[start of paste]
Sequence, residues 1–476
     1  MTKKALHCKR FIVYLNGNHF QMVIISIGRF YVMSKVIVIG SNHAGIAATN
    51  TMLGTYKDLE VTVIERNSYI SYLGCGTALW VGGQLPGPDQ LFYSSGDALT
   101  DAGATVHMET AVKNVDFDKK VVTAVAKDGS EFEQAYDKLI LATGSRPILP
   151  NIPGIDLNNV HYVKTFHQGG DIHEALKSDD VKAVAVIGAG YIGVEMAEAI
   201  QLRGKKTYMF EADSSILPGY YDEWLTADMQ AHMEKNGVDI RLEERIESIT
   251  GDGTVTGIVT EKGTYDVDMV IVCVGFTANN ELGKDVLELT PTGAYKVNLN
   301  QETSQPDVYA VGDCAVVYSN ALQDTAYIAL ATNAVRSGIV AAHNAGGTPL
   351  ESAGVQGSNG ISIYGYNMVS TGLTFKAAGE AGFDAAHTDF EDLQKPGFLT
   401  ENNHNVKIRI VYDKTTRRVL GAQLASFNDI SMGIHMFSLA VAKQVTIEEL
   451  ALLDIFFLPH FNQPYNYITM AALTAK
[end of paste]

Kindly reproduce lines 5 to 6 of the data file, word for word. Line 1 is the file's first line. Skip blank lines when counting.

   151  NIPGIDLNNV HYVKTFHQGG DIHEALKSDD VKAVAVIGAG YIGVEMAEAI
   201  QLRGKKTYMF EADSSILPGY YDEWLTADMQ AHMEKNGVDI RLEERIESIT